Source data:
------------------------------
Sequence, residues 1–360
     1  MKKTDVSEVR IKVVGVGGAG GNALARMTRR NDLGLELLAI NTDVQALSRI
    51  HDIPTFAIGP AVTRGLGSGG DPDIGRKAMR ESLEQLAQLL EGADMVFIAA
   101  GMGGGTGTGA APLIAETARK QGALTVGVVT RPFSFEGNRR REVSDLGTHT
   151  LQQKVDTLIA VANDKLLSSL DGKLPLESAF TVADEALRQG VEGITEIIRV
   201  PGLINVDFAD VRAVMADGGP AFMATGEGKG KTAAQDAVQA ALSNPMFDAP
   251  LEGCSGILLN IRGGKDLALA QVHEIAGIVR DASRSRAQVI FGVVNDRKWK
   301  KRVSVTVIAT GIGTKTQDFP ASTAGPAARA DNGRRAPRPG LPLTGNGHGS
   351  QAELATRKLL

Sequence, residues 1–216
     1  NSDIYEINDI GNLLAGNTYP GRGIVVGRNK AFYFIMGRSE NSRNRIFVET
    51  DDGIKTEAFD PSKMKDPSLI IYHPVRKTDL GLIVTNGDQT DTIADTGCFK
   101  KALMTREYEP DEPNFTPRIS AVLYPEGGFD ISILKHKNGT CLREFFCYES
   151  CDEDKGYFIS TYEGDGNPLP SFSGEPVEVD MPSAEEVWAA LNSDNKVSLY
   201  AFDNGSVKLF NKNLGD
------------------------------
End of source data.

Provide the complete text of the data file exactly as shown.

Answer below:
Sequence, residues 1–360
     1  MKKTDVSEVR IKVVGVGGAG GNALARMTRR NDLGLELLAI NTDVQALSRI
    51  HDIPTFAIGP AVTRGLGSGG DPDIGRKAMR ESLEQLAQLL EGADMVFIAA
   101  GMGGGTGTGA APLIAETARK QGALTVGVVT RPFSFEGNRR REVSDLGTHT
   151  LQQKVDTLIA VANDKLLSSL DGKLPLESAF TVADEALRQG VEGITEIIRV
   201  PGLINVDFAD VRAVMADGGP AFMATGEGKG KTAAQDAVQA ALSNPMFDAP
   251  LEGCSGILLN IRGGKDLALA QVHEIAGIVR DASRSRAQVI FGVVNDRKWK
   301  KRVSVTVIAT GIGTKTQDFP ASTAGPAARA DNGRRAPRPG LPLTGNGHGS
   351  QAELATRKLL

Sequence, residues 1–216
     1  NSDIYEINDI GNLLAGNTYP GRGIVVGRNK AFYFIMGRSE NSRNRIFVET
    51  DDGIKTEAFD PSKMKDPSLI IYHPVRKTDL GLIVTNGDQT DTIADTGCFK
   101  KALMTREYEP DEPNFTPRIS AVLYPEGGFD ISILKHKNGT CLREFFCYES
   151  CDEDKGYFIS TYEGDGNPLP SFSGEPVEVD MPSAEEVWAA LNSDNKVSLY
   201  AFDNGSVKLF NKNLGD